Unless you are prepared to jettison hard ballast and buoyant material (beware MARPOL) you need to find a mechanism which can change volume sufficiently to give the required compensation, while being essentially incompressible. One interesting approach might be the change of volume as wax melts or freezes. There's a theory that this is how deep diving whales regulate their buoyancy and much better evidence that some copepods do the same. It's the effect that operates the thermostat in automotive cooling systems. I wonder if you could install large wax-stats fore and aft, each with an embedded heating coil. When you are ready to launch, melt the wax in both pots, add solid ballast to achieve neutral buoyancy and trim before turning the heaters off to let the boat sink. Googling, I see that there's already been a small scale demonstration of this principle.

Sounds like an interesting project.


RE: Submersible ROV

Sorry i meant to make it more clear. This would, in essence, be a traditional sub. It would have a standard ballast hull (outer hull) and have a inner hull that would make up the ballast cavity. Definitely not attempting to use the entire hull for ballast. It must be a sealed compartment unless i'm way off. My only point to the cubic feet of 5000psi air (i think where it may sound like i was implying a ballast hull) was that i don't think i would have sufficient make up air within the main hull to make up the 5000 psi (through a compressor for instance). Also this is totally unmanned. It's completely remote or on-board guidance.

Here's one theoretical layout. Me throwing 3 out there in the op didn't help.

-A cylinder shaped hull with hemispherical ends.

-A ballast tank connected to hull.

-Air cylinder of holding air. Makeup around 500psi. (purely makeup volume for compressor into high pressure tanks)


-Air booster (6000~psi)

-Air cylinder(s)? of high pressure air for purge into ballast. (6000~psi)

Just to clarify i'm working with an object 4 feet in diameter and 12 ft long.

My craft is going to have a top fin almost like a fixed wing. Solar cells are going to occupy the upper wing surface for charging purposes. Or the other idea was the detachable platform, that could also serve as a stabilizer, in fixed position.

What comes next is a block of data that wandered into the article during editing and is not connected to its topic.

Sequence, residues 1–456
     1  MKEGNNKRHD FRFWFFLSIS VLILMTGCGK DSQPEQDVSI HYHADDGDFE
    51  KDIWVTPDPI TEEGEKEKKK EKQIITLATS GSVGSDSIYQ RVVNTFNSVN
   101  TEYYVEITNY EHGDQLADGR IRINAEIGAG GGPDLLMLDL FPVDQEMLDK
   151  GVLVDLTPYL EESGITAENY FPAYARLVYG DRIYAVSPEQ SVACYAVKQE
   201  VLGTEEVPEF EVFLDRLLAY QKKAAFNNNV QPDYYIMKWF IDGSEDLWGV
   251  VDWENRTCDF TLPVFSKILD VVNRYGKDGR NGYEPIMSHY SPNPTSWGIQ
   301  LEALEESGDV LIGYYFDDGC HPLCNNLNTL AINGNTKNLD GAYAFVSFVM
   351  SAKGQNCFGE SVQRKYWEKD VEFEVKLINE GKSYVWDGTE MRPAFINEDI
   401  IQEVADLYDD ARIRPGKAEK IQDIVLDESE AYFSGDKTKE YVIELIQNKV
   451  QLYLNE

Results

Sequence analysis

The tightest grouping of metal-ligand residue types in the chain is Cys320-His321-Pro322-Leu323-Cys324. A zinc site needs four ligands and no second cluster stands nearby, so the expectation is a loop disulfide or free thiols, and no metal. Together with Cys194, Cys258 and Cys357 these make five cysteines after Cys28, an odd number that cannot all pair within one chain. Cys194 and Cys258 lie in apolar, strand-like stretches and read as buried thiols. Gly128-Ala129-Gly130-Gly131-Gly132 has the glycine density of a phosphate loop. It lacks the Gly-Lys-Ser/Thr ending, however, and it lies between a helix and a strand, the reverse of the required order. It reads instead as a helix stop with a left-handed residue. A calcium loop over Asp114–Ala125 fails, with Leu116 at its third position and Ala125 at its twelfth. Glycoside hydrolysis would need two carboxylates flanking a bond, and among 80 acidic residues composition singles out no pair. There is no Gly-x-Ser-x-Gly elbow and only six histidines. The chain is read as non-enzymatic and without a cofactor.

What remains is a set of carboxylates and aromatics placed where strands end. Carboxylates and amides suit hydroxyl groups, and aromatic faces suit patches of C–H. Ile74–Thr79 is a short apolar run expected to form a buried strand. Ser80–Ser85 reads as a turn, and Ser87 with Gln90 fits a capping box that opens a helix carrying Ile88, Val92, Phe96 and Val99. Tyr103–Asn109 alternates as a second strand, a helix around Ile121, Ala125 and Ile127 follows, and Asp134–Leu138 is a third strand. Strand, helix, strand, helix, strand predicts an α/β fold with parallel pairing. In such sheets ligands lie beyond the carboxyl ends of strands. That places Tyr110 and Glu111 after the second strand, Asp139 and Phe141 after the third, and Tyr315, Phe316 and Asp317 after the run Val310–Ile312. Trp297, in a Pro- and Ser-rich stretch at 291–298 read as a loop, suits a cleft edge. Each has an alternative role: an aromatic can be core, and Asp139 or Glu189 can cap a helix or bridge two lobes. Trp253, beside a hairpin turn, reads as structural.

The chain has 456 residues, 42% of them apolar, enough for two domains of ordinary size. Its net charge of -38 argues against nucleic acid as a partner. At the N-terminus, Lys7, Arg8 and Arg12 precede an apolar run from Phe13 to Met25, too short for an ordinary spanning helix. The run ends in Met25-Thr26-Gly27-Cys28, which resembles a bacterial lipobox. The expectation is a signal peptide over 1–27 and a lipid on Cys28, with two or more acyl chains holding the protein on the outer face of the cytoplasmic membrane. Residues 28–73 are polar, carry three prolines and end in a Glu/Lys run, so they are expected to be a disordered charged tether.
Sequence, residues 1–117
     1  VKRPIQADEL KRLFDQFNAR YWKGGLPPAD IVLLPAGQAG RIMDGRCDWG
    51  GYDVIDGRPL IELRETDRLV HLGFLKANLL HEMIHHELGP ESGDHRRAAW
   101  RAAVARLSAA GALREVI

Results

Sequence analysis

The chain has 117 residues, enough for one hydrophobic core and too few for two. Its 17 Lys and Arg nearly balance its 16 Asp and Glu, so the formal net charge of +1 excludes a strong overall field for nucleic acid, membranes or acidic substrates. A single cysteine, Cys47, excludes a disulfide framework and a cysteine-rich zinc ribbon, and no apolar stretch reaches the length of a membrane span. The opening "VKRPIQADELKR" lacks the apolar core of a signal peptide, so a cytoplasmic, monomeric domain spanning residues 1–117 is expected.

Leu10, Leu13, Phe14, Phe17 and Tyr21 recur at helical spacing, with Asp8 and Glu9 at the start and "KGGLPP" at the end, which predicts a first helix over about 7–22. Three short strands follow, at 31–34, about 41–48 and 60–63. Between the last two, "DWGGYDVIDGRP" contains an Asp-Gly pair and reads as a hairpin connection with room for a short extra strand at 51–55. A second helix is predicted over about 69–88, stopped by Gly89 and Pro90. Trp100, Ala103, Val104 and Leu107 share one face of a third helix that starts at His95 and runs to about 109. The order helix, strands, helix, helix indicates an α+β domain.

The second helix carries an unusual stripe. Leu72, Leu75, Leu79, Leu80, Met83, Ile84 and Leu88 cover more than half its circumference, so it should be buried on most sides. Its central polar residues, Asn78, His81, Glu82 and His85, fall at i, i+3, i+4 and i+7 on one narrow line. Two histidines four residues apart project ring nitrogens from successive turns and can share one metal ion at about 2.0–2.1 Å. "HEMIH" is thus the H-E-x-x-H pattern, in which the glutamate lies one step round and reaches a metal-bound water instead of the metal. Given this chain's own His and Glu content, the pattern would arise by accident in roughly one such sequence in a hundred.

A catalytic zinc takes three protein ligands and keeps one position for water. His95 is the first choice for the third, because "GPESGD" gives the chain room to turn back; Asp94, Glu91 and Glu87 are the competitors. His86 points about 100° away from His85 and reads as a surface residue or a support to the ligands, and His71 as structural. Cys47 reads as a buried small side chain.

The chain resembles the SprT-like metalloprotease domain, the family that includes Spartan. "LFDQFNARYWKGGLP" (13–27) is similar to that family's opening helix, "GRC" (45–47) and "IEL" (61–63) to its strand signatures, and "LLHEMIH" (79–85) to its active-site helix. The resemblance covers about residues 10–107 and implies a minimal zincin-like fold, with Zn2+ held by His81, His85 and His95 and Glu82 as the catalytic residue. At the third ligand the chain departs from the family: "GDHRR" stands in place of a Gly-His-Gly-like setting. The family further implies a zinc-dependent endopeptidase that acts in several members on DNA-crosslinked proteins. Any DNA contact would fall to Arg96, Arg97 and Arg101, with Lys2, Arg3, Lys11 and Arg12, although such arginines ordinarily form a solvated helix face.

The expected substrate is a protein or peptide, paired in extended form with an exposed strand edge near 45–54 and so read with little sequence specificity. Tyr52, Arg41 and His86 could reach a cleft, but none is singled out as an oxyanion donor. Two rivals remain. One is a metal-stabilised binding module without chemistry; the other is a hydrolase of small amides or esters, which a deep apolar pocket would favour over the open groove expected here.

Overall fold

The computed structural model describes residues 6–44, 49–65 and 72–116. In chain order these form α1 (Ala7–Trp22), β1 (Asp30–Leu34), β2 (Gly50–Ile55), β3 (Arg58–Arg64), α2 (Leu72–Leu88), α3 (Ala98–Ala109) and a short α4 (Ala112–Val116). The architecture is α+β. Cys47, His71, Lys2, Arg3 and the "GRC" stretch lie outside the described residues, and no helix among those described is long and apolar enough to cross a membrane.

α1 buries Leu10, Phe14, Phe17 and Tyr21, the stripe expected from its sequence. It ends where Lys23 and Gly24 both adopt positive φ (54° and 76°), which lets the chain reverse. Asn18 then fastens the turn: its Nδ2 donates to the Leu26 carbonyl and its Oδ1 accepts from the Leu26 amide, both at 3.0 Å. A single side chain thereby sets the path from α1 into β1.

RE: Submersible ROV

Most deep diving submersibles tend to use incompressible materials for buoyancy like kerosene, oil, or wax. The use of air is kept to a minimum because of the compressibility and volume change issues.

You are judged not by what you know, but by what you can do.

RE: Submersible ROV

So, 1/4" coax weighs 0.045 lb/ft. 2 miles of that comes to 475 lb. But, it's unlikely that the cable can support its own weight, so you'll need some sort of cable, which does add more weight. Then, there's the issue of getting the antenna to the surface, which will require something that can lift all the weight from the sub. Then you need a big enough winch to wind it all back up when you're done. And, since it's unlikely that you'd want to spool that inside the sub, everything has to work at 5000 psi in extremely cold water. The volume of the cable itself would be about 3.6 cubic feet.

There's a reason why US submarine underwater communications was done with ELF signals, and even at that, they needed to be very close to the surface.

I can do absolutely anything. I'm an expert!
FAQ731-376: Forum Policies forum1529: Translation Assistance for Engineers

RE: Submersible ROV

Bear in mind that:

Traditional submarines don't usually go as deep as you're proposing - you need to understand why before copying their concepts.

Satcomms on a reelable buoy are a real thing (ELF data rates are never going to be fantastic). Remember that horrible, tearing, screeching sound in 'Crimson Tide'. Not saying they're troublesome, but..

There are other sorts of strong string beside Kevlar. Dyneema/Spectra is widely available and has some attractive properties.


RE: Submersible ROV

IRstuff, zeusfaber, berkshire

Thank you for your replies! Sorry had a long weekend and was just able to sit down and catch up!

You have all certainly highlighted a big issue. First and foremost i do not want to cause any issues with MARPOL whatsoever. So hard ballast would be out of the question for myself. Though it could make things much easier :P

So i appreciate all the replies, really i do, it helps me think of what iv'e not thought of or not thought enough about. First i'd like to address IRstuff's point.